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Giro Base Pockets base layer



Base layer with pockets for carrying essentials when you're wearing something other than a cycling jersey over the top

At every product is thoroughly tested for as long as it takes to get a proper insight into how well it works. Our reviewers are experienced cyclists that we trust to be objective. While we strive to ensure that opinions expressed are backed up by facts, reviews are by their nature an informed opinion, not a definitive verdict. We don't intentionally try to break anything (except locks) but we do try to look for weak points in any design. The overall score is not just an average of the other scores: it reflects both a product's function and value – with value determined by how a product compares with items of similar spec, quality, and price.

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The Giro Base Pockets base layer comes with three pockets in the lower back that allow you to carry your ride essentials comfortably even when you're wearing something other than a cycling jersey over the top.

I know what you're thinking: why on earth would you want pockets in a base layer?

That's what I thought, but when you use this base layer for its intended purpose, the idea makes a lot of sense.

If you're wearing a cycling jersey you just use the jersey's pockets to store all your gubbins, obviously, but the idea here is that you can wear this base layer under an outer layer that's not necessarily cycle-specific.

So, for example, perhaps you're riding into town for work or to meet friends and you don't want to wear full-on cycling kit. It can be awkward to cycle with things like your phone, wallet/purse and other essentials in the pockets of your normal trousers and/or shirt.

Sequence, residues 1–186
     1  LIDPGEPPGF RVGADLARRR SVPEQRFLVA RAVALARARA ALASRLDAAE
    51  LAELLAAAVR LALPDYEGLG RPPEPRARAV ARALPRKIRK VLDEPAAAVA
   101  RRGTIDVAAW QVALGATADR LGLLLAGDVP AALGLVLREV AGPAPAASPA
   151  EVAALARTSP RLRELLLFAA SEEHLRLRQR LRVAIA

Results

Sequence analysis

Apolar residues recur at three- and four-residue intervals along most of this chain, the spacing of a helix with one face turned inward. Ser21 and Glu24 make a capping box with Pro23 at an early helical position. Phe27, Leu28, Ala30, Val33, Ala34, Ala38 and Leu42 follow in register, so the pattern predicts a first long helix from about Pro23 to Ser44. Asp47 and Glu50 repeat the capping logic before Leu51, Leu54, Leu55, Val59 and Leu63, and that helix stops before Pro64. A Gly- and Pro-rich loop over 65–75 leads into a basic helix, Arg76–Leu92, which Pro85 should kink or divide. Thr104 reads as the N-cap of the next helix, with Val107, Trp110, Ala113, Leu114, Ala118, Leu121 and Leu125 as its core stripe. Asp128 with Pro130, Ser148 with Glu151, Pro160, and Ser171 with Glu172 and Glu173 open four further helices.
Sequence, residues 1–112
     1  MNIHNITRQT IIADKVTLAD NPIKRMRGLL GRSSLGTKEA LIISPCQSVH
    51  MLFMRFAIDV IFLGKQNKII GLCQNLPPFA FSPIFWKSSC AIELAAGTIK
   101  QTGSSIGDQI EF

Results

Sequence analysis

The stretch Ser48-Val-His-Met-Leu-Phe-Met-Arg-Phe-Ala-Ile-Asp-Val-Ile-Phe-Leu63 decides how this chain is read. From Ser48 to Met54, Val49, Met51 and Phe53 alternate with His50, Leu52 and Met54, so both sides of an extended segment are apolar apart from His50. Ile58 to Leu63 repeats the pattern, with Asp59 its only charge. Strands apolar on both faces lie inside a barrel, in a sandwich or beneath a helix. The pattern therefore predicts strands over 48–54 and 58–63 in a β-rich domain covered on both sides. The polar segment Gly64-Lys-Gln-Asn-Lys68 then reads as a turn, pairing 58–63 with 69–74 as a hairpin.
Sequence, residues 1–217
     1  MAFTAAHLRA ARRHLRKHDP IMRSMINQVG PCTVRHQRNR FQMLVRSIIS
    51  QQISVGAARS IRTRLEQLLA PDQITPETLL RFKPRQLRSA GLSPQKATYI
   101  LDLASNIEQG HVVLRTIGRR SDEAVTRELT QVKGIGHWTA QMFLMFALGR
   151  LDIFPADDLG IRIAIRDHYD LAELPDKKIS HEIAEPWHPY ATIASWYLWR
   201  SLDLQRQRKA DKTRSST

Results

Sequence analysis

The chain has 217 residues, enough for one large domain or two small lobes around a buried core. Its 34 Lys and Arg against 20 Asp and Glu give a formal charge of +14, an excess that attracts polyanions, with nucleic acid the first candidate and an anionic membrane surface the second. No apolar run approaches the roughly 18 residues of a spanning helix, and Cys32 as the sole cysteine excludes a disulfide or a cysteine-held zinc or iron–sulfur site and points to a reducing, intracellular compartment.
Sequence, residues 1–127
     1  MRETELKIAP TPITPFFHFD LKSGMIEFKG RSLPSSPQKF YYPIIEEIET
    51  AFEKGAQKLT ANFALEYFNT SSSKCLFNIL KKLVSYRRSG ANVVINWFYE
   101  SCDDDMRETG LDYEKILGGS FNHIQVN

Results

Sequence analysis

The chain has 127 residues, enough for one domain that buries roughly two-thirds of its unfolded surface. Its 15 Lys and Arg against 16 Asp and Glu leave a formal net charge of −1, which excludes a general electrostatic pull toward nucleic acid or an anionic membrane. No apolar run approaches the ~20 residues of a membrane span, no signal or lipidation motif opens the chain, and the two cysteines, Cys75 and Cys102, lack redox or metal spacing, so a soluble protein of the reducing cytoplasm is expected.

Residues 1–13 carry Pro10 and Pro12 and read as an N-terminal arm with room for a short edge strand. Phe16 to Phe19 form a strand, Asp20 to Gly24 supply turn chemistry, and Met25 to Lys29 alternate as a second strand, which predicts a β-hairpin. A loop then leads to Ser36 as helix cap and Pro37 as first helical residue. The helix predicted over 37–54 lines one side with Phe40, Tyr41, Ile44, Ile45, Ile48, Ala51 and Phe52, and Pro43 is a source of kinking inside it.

You could take a bag, of course, or you could sling all that stuff in the rear pockets of this base layer and carry it comfortably without it swinging about or getting in the way of your pedalling.

The base layer is made from a lightweight, textured polyester/elastane fabric that moves sweat away from your body well and dries very quickly. It's stretchy enough to fit closely on a variety of body shapes without feeling tight.

The inherent stretch means you wouldn't want to put masses in the pockets or they'll start to sag, although Giro's Skeletal Pocket Construction – essentially a less stretchy reinforcing band at the top of the pockets – allowed me to carry everything I needed for urban rides comfortably enough: a mobile phone, cash, a little repair pack, and so on.

The pockets are the USP here but, putting them aside, this is a very good base layer anyway. As I said, the fabric deals with moisture well and the seams are flat stitched throughout. There are no seams on top of the shoulders, they're positioned to the front and to the back, so if you do need to carry more stuff than the pockets allow, there are no ridges to dig in underneath your bag straps.

I've used it as a normal base layer on training rides too and you really don't feel the pockets.

All in all, it's a very good solution if you want to carry bits and pieces on your ride but don't, for whatever reason, want to wear a cycling jersey.


Base layer with pockets for carrying essentials when you're wearing something other than a cycling jersey over the top